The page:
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Unconventional Plaster?

By Mark Holden

4-4 Holden comment artWhen I started my career more than 20 years ago, habit and standards dictated that swimming pool plaster should be white. By that time, happily, a handful of suppliers had begun offering colored aggregates, and then products including PebbleTec began expanding the palette to a point where about a dozen colors were available, give or take a few. These were shades of blue, mostly, ranging through to grays and darker grays.

Then, about ten years ago, watershape designer/builder David Tisherman very publically broke with anyone’s sense of convention by broadening his pool-plaster palette to include a rainbow of colors. His notorious Red Pool of 2002 was a real shock to the system – and he didn’t stop there, using greens and yellows and lavenders to distinguish his projects from just about anything else that was being done.

Tisherman ripped Pandora’s Box wide open, but convention still rules to this day – and it’s my contention that this is so because watershapers don’t know the hows or whys of plastering in color. Artistic Resources & Training (ART), in conjunction with Pebble Technology (Scottsdale, Ariz.), will soon crack that barrier with a class on working creatively and effectively with custom plaster colors.

Just imagine a design professional greeting a new client with an entire spectrum of finish-color possibilities. Imagine learning how pool plaster as well as concrete and stucco can be custom-colored to suit a client’s and a setting’s specific requirements. Imagine how powerful a tool all the colors of the rainbow are when stacked up against a sample board displaying a dozen conventional blue/gray colors.

Breaking Out

When I was a student, I was constantly asked to think about what I was doing and how I was doing it, but only seldom was I challenged in the classroom to think about how things might be done better.

Educational programs are, in that respect, most in their comfort zone when they encourage us to think along conventional lines. True, pushing toward unique solutions was often rewarded with good grades and might win the admiration of the instructor, but it generally wasn’t expected. As a result, blazing a trail through the system became much more difficult.

I’ve thought a lot recently about the way my education flowed and about how much more I might have learned if my professors had more frequently indulged the inclination to foster creativity and innovation. With that in mind, I have taken matters into my own hands and am working – in collaboration with other members of the ART faculty – toward developing the kind of dream courses I wish I’d been able to take while I was in school.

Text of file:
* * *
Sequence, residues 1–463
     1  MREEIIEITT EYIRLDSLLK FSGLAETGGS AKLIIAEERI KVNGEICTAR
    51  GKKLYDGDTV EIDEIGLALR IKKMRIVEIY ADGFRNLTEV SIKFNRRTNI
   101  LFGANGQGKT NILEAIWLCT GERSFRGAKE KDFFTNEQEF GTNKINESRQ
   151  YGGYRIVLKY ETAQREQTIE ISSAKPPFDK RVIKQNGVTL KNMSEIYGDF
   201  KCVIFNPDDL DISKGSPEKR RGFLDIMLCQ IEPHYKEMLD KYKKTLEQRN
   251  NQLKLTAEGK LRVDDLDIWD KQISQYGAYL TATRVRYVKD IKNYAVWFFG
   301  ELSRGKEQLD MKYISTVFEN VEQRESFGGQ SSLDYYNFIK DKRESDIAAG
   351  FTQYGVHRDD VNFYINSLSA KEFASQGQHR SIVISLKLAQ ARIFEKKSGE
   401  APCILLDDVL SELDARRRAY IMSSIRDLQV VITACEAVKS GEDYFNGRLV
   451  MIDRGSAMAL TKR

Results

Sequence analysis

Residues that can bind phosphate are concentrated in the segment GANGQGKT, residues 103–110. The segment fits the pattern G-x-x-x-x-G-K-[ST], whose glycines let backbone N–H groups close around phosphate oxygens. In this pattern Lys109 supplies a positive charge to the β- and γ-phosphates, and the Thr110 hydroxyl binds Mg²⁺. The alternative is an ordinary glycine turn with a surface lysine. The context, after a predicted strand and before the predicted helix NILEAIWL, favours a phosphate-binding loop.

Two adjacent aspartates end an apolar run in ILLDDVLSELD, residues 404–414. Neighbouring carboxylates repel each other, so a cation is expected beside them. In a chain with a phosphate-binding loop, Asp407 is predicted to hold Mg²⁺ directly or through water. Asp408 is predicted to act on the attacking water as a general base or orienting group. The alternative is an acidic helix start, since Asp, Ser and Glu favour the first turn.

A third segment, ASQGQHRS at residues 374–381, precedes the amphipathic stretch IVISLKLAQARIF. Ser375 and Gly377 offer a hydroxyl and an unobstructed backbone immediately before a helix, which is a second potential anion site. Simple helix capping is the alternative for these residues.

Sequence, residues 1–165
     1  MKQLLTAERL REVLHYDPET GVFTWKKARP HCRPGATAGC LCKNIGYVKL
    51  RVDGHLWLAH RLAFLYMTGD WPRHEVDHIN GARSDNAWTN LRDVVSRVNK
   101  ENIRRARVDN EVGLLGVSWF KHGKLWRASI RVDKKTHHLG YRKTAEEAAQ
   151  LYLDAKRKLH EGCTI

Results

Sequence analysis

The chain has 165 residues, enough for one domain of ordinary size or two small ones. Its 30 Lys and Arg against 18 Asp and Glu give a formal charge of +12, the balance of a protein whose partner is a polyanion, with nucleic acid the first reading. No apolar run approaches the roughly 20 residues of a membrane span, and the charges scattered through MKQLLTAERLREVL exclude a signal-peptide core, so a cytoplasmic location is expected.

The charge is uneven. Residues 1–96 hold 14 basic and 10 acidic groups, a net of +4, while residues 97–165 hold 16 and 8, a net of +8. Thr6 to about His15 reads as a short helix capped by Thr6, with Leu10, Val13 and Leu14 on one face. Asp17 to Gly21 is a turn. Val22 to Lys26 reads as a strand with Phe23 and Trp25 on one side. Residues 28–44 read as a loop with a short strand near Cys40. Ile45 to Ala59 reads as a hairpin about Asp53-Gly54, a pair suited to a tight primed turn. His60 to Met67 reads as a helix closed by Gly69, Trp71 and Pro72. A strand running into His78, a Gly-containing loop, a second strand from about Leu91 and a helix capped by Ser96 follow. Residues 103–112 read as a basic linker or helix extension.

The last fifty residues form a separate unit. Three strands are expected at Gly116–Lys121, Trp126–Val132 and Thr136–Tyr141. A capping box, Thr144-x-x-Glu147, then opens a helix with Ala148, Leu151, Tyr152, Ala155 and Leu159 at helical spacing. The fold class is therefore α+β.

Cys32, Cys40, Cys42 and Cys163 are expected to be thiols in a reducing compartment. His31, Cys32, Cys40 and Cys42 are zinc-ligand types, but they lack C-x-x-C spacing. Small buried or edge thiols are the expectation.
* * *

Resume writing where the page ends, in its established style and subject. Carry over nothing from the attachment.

I do so for one reason: If the art of watershaping is to advance in the way it must to meet the desires of today’s consumers, we need to free ourselves from the burden of conventional thinking and, in some cases, completely rebuild our approaches. This upcoming class on the coloring of cementitious materials is a big step in that direction.

Way Beyond Convention

By now, there are lots of watershapers out there who know more than they ever thought they would about color, how colors work together and technical issues such as hue, intensity, chroma and values. With further education, those who have a background in color theory can unshackle their creativity and learn how to design the color of pools in the same way architects determine colors for cementitious interior and exterior surfaces.

Yes, some background in color theory and materials is essential, but after a quick review the course will quickly move on to help students bring color to their projects more effectively. This involves building an understanding of the oxides, pozzolans and cement types (conventionally seen as the exclusive realm of plaster suppliers) that are like the pigments artists use to fill their canvasses with color. As part of the process, students will work with plaster’s base components, confronting mounds of raw materials and, with their own hands, blending them and seeing the results with their own eyes.

As I see it, this unique exercise in gaining control of the tools and materials of our trade is fundamental to raising what we do as watershapers to the level of art. To advance, we must be able to start with a fresh canvas and conceptualize what is the most appropriate color for any given situation. To advance, we must move beyond selecting plaster from suppliers’ sample boards and work with basic materials and all possible colors on our own terms.

David Tisherman would never sit still for Henry Ford’s edict that you could buy a car in any color as long as it was black. For too long, convention has restricted what we can do with our designs, and I think it’s high time to reclaim our ability as artists to work with what is right rather than what is available.

Moving forward, this is what I want ART to be about on all levels. It doesn’t mean convention is dead; it just means that we want and need the freedom to move beyond its baselines to deliver more to our clients than today’s sample boards allow.


Mark Holden is a landscape architect, pool/landscape contractor and teacher who owns and operates Holdenwater, a design/build/consulting firm based in Fullerton, Calif., and is head of Artistic Resources & Training (ART), an educational service for watershape designers. He may be reached at This email address is being protected from spambots. You need JavaScript enabled to view it. . For more information on ART and its course catalog, click here.

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